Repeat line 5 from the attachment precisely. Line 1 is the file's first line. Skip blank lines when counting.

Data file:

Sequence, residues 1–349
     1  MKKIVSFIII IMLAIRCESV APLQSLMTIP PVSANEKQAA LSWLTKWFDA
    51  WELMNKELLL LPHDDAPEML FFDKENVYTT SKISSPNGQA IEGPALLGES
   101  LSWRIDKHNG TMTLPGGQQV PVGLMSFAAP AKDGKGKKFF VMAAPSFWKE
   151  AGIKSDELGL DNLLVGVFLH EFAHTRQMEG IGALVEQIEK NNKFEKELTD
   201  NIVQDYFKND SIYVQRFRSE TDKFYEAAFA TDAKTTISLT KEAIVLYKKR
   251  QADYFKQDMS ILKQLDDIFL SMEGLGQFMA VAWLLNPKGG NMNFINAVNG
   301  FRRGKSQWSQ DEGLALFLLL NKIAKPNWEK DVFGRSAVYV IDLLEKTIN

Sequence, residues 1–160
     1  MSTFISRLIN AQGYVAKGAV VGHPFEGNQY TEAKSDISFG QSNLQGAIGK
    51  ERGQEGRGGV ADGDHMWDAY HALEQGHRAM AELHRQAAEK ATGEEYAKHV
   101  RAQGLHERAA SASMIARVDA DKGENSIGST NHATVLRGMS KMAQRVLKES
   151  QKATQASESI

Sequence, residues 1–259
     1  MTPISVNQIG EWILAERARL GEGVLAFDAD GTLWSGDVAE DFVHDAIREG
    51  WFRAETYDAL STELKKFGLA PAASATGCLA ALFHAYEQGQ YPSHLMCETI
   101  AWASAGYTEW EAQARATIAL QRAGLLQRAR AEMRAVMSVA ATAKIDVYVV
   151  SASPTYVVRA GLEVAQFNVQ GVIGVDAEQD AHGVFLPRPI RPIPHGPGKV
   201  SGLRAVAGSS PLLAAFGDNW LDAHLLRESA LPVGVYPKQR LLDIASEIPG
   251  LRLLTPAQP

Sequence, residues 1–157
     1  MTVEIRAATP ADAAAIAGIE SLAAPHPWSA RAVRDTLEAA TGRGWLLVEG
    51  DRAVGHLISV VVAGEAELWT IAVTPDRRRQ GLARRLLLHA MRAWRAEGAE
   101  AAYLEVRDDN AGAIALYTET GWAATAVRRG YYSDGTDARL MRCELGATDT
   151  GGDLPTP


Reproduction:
   151  AGIKSDELGL DNLLVGVFLH EFAHTRQMEG IGALVEQIEK NNKFEKELTD